Buttons, knobs, power cubes, switches, and sundries are standard fare for The Turing Test, a puzzler from Bulkhead Interactive previously known for Pneuma: Breath of Life. Recalling my experience with Pneuma, I'm convinced this team has the know-its to put together a stronger puzzle game (not to say that Pneuma was bad in my book) with a strong narrative focus. Pneuma focused heavily on self-discovery through the eyes of the narrator as he went from extreme self-centeredness to disillusionment once he recognized he was being controlled by an external force (the player). Now Bulkhead Interactive is back with a similar game, only this time there's more secrets up their sleeve.

"There are three tiers of story," a developer for the game mentioned. "There's the plot. Then there's the second layer where you can go into rooms like Gone Home style and pick things up and look at them. Then there's the third tier with audio and video logs." It was unfortunate we couldn't dive into the back story or peel back the layers behind the surface of the game. Pneuma was a delight, albeit too short, and I wanted to see how development improved with The Turing Test. I wanted to discover why there was such a world that existed and who the main character is, but we were only given a demo to show us the mechanics behind puzzle solving. Which is familiar in it's own right.

It was a rough Tuesday morning at E3, but I managed to work my way through several of the door puzzles by manipulating power blocks that controlled the doors. It was a short demo to play through, tinkering my way through each room by picking up the power blocks, sometimes draining them of their "power source" with the energy gun that I was equipped with. It was a challenge, but nothing that I hadn't seen before. "There's a huge twist in the game," remarked the developer, "but we haven't told anyone of what it is yet."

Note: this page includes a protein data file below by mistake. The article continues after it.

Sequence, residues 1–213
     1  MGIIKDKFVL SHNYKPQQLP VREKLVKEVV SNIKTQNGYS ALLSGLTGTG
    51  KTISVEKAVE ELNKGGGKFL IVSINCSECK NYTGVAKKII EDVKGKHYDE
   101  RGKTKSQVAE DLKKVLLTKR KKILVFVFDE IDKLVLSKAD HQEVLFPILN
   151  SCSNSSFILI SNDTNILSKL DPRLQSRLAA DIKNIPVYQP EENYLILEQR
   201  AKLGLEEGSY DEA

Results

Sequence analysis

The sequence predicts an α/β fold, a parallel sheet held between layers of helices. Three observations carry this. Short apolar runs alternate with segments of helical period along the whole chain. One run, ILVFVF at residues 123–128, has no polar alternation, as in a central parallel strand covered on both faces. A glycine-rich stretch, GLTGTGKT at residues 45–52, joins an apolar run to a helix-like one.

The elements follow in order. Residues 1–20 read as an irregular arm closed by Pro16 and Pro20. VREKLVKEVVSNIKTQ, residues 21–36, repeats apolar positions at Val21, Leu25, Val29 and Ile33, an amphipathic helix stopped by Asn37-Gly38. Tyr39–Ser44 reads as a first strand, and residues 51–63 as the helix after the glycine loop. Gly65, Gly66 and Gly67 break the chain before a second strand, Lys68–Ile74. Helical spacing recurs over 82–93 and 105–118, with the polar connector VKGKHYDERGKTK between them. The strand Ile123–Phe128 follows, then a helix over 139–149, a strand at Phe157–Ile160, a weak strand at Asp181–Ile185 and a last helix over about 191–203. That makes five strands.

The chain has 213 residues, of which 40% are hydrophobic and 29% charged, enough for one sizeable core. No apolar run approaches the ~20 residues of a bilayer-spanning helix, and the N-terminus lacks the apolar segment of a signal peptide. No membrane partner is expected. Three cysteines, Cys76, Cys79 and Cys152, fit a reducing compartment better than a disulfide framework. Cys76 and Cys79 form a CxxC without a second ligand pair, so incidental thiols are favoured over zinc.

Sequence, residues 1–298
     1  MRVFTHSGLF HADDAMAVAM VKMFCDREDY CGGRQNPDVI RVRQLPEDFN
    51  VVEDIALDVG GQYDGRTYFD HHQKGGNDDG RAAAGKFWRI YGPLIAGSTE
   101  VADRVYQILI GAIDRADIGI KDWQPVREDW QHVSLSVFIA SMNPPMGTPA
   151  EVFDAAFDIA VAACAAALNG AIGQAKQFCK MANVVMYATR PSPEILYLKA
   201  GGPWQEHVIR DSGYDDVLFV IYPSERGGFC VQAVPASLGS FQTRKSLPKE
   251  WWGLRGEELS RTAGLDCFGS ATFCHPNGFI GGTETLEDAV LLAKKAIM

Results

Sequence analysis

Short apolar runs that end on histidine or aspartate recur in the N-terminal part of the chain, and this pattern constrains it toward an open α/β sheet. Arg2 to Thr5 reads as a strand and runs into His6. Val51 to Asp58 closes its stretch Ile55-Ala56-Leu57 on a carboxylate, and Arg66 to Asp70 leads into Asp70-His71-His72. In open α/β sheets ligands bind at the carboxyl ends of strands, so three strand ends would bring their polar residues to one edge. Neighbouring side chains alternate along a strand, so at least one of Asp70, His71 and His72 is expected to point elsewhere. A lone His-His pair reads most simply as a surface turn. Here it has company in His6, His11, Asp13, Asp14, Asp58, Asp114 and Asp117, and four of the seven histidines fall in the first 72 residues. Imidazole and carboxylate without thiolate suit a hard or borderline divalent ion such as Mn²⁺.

Bulkhead clearly has a knack for enticing people into their games. The Turing Test demo wasn't entirely original, nor did it launch into the backstory about the universe that surrounds the player, but call me interested already. Their video hints at exploring a new world called Europa, one of Jupiter's moons that may contain alien life with a threat to all of humanity. Players assume the role of Ava Turing, a member of the International Space Agency, who is tasked with unraveling this mystery behind life and consciousness.

Call me sold.

 [image source: game website]

Buttons, knobs, power cubes, switches, and sundries are standard fare for The Turing Test, a puzzler from Bulkhead Interactive previously known for Pneuma: Brea